As if Jurgen Klopp has not got enough on his plate at the moment, he has now got to work out how to get his hands on a couple of sheep.
There is speculation Liverpool might move in the January transfer window to strengthen their midfield. Names like Inter Milan’s Nicolo Barella and RB Leipzig’s Konrad Laimer have been mentioned, but at this rate he’s more likely to announce Dolly and Buttercup!
While the erratic screamers are being amplified through social media, and the most damning pundits are being awarded the most column inches concerning Liverpool’s helter skelter start to the season, the Reds manager has been awarded the Freedom of the City.
Just so everybody is on the same page, one of the antiquated benefits of such an accolade, is being able to march sheep through a particular part of said city. In this case, Dale Street.
He’s only the second foreign national to be awarded this, the other being Nelson Mandela. No wonder he described it as a ‘wow moment’.
I was going to write about Klopp and Liverpool this week, so this is what they call in our business ‘the perfect peg’.
How choppy the red waters are will become more clear as the season progresses, but the problems are real.
Injuries have played a key part, but the squad age has crept up, the defensive inconsistency is there for everybody to see, and replacing Sadio Mane is much, much easier said than done. That’s three for starters.
However, to suggest there is a better manager to navigate this club through whatever lies ahead, however major or minor, is for the birds, and his honour this week underlines what most proper Liverpool fans already know.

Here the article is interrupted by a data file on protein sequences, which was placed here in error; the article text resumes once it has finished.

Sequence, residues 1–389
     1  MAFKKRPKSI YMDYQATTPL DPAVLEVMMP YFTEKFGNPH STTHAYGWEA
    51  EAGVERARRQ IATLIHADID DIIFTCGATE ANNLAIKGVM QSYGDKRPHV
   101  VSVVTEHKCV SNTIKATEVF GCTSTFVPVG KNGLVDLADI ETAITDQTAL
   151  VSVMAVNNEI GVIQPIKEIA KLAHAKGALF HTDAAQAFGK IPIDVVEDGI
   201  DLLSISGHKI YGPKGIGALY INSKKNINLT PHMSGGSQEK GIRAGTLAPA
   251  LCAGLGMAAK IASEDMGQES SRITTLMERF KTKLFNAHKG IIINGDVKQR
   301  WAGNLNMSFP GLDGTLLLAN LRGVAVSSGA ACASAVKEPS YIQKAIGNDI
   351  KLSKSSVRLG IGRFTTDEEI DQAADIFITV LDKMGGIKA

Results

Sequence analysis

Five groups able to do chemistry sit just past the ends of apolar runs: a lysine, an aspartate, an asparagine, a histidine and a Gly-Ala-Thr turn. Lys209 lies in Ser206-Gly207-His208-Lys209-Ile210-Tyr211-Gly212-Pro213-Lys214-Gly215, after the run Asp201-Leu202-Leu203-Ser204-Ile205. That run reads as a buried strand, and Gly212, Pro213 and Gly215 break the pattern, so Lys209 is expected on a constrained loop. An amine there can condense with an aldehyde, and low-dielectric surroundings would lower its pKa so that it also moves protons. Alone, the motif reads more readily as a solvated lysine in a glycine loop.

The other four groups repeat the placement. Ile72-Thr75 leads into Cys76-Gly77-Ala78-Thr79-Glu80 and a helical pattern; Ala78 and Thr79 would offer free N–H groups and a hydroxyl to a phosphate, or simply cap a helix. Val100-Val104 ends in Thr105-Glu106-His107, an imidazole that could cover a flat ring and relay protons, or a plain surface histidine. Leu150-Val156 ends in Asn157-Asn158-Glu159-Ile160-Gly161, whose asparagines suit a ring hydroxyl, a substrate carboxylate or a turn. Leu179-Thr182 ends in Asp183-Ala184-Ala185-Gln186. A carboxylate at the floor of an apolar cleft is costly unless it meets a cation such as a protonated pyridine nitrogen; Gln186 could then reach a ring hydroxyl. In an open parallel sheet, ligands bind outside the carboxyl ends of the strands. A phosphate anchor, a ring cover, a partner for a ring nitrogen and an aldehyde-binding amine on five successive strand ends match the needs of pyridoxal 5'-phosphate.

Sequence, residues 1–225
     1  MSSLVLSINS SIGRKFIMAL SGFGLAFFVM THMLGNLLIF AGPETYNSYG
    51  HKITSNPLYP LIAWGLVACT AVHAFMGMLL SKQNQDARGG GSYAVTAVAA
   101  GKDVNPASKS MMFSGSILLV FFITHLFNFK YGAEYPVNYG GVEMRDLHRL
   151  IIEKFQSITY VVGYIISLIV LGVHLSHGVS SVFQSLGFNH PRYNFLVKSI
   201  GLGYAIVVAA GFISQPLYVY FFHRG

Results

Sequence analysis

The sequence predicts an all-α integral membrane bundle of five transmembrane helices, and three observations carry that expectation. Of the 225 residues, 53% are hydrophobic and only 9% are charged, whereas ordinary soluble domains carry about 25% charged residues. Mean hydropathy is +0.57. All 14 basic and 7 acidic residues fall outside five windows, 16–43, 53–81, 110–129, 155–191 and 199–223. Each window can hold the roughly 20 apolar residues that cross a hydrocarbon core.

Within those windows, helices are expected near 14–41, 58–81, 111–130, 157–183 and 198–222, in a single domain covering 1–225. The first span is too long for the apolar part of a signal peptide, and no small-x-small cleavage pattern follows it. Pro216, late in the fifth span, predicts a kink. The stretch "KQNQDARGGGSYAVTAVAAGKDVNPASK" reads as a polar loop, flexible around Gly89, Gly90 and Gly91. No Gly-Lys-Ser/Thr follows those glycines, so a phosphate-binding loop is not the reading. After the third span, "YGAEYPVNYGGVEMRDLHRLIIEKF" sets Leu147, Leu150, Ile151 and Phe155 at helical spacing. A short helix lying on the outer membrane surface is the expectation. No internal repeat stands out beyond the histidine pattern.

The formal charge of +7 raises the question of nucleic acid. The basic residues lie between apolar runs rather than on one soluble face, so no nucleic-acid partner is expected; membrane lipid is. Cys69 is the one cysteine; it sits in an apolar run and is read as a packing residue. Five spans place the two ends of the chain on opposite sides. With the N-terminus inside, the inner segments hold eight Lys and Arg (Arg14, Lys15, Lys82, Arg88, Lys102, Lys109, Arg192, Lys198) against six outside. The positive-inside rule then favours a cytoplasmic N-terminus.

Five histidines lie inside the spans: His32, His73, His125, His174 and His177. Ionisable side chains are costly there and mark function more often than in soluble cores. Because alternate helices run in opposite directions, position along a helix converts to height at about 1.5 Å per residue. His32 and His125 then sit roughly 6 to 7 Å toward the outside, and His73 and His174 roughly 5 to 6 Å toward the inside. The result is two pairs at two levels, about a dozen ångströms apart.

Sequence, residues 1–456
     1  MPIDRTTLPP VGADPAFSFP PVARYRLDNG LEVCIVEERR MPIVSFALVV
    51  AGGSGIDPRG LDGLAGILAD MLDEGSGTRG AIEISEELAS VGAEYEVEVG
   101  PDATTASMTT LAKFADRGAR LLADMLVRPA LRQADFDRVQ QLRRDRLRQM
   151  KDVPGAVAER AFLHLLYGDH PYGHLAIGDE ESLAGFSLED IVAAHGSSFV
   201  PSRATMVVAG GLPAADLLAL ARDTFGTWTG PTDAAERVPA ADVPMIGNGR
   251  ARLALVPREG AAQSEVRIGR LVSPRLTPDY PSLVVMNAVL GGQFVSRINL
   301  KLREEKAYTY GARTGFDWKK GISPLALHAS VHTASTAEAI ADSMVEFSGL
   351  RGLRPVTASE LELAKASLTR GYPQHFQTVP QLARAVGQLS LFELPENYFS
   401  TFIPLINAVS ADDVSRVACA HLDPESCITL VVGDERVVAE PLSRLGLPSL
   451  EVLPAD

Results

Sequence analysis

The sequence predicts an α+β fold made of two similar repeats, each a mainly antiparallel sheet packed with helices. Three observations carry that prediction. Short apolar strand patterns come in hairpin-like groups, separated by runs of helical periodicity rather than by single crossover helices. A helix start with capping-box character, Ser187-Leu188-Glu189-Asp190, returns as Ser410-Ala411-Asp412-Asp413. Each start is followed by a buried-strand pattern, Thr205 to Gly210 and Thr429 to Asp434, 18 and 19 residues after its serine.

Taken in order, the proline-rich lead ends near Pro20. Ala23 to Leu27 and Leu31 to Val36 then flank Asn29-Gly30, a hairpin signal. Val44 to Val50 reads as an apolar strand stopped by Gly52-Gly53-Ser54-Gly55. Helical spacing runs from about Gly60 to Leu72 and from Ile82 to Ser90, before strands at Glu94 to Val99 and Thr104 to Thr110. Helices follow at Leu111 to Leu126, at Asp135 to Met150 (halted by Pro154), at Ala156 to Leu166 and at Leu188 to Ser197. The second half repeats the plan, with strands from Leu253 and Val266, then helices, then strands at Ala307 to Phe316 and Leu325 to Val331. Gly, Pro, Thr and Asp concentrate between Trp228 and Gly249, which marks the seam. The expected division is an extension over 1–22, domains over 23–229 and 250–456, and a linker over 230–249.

Starting with the obvious, in seven years Klopp has won everything. Personally, I don’t count the Uefa Super Cup and the Club World Cup as ‘major trophies’, but if you add them to the league title, European Cup, FA Cup and League Cup, only Sir Alex Ferguson has also bagged all six at an English club.
That said, it is not the haul of trophies that makes the German so special at Anfield. It’s the underlying health of Liverpool that is most outstanding.
Sitting ninth after 12 games is being trumpeted by some as a catastrophe, but let’s indulge ourselves in a little pop quiz.
How many times in the ten seasons previous to Klopp’s arrival were Liverpool in the top four after just 12 games? Close your eyes and pick a number.
The answer is twice. In seven of those seasons, Liverpool weren’t even in the top six.
Let’s go again. Klopp has just made it six top-four finishes on the bounce, and four consecutive top-three placings. When was the last time Liverpool managed that? Answer? The latter part of the 1980s, towards the end of the ultimate golden era.
It is a level of competitiveness and consistency at the highest level I haven’t seen since I was in short shorts, and that Liverpool fans under the age of 35 have never witnessed.
That consistency is backed up by the fact Klopp has the highest winning percentage of any Liverpool manager.
Not since Paisley. Not since Dalglish. Since ever.
However, it goes even deeper than that, underlined by the honour bestowed on him this week. A manager, no matter how talented they may be, must fit with the club, and that means connecting with the city or town.
On this front, I don’t think it’s an overstatement to put Klopp in the same league as the great Bill Shankly. Not above him, of course. Sorry, Jurgen.
Klopp said: ‘We care about similar things, have similar political views and we like to be very open, that’s how it is.’
Like Fergie at United, Ainsworth at Wycombe, Clough at Forest, and many other examples, sometimes a manager just fits. And Klopp just fits.
A direct river cross ticket on Mersey Ferries is currently priced at £3.80 return, and the legend says Klopp can now use the ferries free of charge. You can’t imagine him rocking up to the Gerry Marsden Pier Head and having a hissy fit.
Still, maybe the whole Freedom Of The City thing will go to his head, and he will start walking around with a bayonet strapped to his hip. Somehow, I doubt it.
‘One of the duties is to defend the city, or in the past it was. I know they meant it differently but I will, with words, forever,’ says Klopp.
Whether you are thinking with your head or your heart, Liverpool definitely have some problems right now, but Klopp is clearly not one of them.
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